Sue Hendra, Bright MD and Founder Vicki Willden-Lebrecht, Paul Linnet and Wanda.

Book signings and party bags, beautifully made by the team from Macmillan.


You can follow Sue and Paul on Twitter

If you’d like to work with Sue and Paul, you can get in touch via their agent, Arabella Stein here.

Picture Book Hygge: Celebrating the Art of Fiona Woodcock


There is something extremely calming about Fiona Woodcock’s artwork — I would describe it as the hygge of picture book illustration — because each time I read one of her books, I feel so relaxed and content, gently swept up by the subtle colours and textures she creates. A Dot in the Snow is beautiful, uncomplicated, peaceful — and yet dramatic in composition of scale and landscape.

Illustrator Fiona and author Corrinne Averiss have been nominated for a Kate Greenaway Medal for Dot, and so here, Fiona talks about her creative process.

A Dot in the Snow, published by Oxford University Press and nominated for a 2018 Kate Greenaway Medal.


FW: As soon as I heard the title and Corrinne’s concept for the book — the idea of a little polar bear spotting a dot in the snow, I was totally captivated and knew I wanted to work on it.

My initial brief was to do something “artful,” which as an illustrator is a real gift! 

I spent my Christmas watching wildlife documentaries to get my head around bears and snowy scenes. This was invaluable and helped to spark off compositional ideas for the landscape spreads. 

We decided early on that it was important to highlight the environmental impact on the melting polar ice caps with the cracking ice spreads. This influenced the character design of the young polar bear cub Miki and we resolved to have him on all fours, rather than anthropomorphised on two legs. This slightly naturalistic approach seemed to help place him in the snowy world, where he has to contend with all the perils of the harsh environment. 

I did lots of printmaking experiments to create the landscapes, printing with rubber stamps, and polystyrene from a pizza base was great for ice. I then composited all the elements digitally. 

As well as the relationship between the characters, I was keen to capture their relationship with the environment, the filmic potential and the sense of space and distance covered on Miki’s epic adventure.

Corrinne sent me a link to this Björk track which she listened to whilst writing the book. It then became my soundtrack whilst illustrating it and we played it on a loop at our London book launch at the Bright Emporium!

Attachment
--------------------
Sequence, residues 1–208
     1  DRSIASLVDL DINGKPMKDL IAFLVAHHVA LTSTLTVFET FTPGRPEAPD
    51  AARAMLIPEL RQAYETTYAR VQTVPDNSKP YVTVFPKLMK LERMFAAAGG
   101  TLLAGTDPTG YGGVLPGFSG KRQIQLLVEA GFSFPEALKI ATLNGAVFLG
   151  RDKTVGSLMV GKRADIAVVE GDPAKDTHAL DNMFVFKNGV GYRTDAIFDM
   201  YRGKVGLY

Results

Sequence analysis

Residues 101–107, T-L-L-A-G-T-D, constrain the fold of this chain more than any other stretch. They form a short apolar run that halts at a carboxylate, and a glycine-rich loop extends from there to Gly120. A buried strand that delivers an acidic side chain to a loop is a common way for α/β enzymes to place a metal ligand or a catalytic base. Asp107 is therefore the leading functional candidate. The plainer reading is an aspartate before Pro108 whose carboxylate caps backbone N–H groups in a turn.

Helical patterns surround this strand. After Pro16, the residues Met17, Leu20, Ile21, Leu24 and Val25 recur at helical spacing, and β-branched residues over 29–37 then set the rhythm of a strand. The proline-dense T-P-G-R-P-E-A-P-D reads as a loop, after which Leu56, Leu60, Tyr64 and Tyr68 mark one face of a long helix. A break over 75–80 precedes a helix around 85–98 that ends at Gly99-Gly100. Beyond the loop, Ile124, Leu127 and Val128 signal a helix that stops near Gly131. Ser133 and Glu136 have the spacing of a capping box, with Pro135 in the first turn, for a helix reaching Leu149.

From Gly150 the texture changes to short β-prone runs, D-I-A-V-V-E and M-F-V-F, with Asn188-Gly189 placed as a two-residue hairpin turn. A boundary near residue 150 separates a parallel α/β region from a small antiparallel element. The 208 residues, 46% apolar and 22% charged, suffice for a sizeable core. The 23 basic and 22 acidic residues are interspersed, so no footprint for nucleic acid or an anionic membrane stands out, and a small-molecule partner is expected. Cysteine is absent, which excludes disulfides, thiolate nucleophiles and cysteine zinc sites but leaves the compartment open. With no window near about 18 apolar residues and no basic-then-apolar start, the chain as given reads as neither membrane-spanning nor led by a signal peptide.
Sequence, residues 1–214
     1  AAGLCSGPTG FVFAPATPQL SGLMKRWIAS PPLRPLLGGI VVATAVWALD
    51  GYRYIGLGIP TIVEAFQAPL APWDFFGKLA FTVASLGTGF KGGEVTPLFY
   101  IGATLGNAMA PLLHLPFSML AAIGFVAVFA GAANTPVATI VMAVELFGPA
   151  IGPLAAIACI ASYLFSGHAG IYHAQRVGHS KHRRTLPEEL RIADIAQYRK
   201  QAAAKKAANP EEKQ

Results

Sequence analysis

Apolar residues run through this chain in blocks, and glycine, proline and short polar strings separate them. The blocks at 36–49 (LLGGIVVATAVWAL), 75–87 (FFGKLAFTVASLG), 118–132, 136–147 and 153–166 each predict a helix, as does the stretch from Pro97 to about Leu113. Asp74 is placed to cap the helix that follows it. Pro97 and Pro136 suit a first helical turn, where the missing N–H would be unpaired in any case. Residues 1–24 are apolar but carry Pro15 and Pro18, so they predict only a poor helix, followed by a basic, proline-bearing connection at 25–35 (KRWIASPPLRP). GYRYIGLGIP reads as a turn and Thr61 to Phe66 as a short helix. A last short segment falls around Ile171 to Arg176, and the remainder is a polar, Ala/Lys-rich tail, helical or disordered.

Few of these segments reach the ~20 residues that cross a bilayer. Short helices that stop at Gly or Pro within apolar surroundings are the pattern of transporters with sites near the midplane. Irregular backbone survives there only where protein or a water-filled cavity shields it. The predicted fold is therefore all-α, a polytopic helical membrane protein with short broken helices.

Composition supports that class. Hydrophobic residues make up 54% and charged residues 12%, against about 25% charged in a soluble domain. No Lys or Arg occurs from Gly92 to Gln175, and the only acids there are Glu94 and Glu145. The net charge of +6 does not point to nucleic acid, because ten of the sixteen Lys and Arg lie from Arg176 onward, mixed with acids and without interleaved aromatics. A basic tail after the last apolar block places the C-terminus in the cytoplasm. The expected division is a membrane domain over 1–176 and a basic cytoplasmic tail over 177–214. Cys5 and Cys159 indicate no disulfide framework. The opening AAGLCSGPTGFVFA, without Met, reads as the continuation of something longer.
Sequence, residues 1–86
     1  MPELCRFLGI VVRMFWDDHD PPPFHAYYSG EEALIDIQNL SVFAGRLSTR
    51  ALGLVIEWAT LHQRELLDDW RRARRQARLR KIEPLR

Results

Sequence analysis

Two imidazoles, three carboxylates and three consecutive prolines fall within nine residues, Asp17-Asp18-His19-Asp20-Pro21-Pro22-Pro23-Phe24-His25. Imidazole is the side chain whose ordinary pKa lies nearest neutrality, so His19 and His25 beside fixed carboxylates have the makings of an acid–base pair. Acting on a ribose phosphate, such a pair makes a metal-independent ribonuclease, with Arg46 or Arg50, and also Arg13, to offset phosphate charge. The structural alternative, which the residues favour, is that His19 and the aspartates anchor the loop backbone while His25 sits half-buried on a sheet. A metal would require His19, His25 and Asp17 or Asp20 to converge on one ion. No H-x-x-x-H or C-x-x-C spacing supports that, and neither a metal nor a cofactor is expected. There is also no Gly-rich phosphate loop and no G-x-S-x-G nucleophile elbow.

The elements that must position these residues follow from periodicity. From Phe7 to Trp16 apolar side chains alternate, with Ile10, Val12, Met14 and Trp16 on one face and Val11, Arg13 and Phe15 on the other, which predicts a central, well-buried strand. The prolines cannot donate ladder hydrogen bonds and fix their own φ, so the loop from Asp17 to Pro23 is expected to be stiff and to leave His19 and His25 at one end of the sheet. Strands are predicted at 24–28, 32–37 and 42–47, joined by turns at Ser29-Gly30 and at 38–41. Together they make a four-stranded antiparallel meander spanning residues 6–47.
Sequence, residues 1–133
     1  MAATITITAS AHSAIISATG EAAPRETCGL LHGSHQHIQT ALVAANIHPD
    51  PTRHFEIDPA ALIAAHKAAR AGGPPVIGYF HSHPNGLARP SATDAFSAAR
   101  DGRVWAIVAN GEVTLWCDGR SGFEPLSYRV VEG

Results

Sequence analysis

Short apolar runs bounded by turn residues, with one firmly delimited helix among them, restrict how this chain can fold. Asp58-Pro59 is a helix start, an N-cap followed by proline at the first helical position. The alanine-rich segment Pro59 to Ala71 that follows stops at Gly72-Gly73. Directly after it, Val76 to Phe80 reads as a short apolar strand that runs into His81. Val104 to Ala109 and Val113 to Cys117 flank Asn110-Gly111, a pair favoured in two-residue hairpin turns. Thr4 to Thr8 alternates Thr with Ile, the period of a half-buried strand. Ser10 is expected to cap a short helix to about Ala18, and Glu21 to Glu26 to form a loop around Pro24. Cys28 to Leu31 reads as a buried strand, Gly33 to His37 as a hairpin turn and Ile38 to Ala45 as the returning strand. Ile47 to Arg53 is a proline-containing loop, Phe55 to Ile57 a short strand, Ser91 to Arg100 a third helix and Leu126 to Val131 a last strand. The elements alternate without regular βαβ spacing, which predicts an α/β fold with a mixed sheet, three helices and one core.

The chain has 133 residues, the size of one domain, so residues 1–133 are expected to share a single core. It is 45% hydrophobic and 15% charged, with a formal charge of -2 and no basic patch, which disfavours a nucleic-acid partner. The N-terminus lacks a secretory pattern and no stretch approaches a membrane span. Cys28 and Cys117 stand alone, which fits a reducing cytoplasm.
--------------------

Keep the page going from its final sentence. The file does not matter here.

My huge thanks to Fiona! LM


If you’d like to work with Fiona, you can reach her via her agent, Arabella Stein here.

If you’d like to know more about Fiona and her picture books, click the link below.

Fiona Woodcock — From Art Licensing to Children’s Books and Beyond…
Read the blog


The BBC recently aired a documentary, Life in Polar Bear Town, which you can see here.

Photograph courtesy of the BBC. See more here.

Illustrating Outside the Book: Artist Fred Blunt Breathes Life and Colour Back into Local Library

3 wall 1

When you think of children’s illustration, it’s only natural to think picture books, but the exciting thing about illustration is just how much you can do with it. Children’s illustrators do, primarily make picture books, but they’ll often do more where their schedule allows. They take part in all sorts of events, up and down the country, and they often share their skills closer to home — in their own community. This is exactly what Fred Blunt has done, and even better, it involves his local library:

FB: It all started when an artist friend of mine got in touch and told me that South Swindon Parish had taken over the Old Town Library, and were planning a renovation project.  What’s more, they wanted large scale, fun murals for the children’s area. He thought it would be relevant for a children’s book illustrator to pitch for the job.

1 thumbnails and roughs

Fred’s rough drafts before the final artwork, and the final designs below.

4 wall 2

At first I didn’t intend to pitch. The idea of taking the time out of of my picture book schedule to design and paint a mural seemed way too time-consuming.  But the idea of creating something just for children, in a library, on a big scale was very exciting to me – especially in the present climate of library closures.
[Read more about library closures in an article by The Guardian here]

I then thought, if I could find a company to install it using vinyl print, I could save a lot of time and potentially make it work. I did a little research and contacted local print company, Signs Express with my proposal.

Much to my surprise, they got in contact the very next day, enthused about the project and eager to be onboard.

5 print[1]

So I pitched my vision of a vibrant wall design, installed in vinyl print, instead of a traditionally painted mural. The Council library committee were quick to get in touch and discuss my ideas – all of which were enthusiastically received.

I went away with a vague notion of creating a bold and vibrant mural, which was going to be based on reading – showing the joy of books, and how they take you out of the everyday, and into the extraordinary.

13162E87-1CAA-4F6A-9602-7B95BA9FDAE7

Hot off the printing press!


I wanted the design to be appealing over the age groups, bright and fun for the very young, but also to have enough design elements to be considered cool for the older kids (and hopefully enjoyed by their parents too).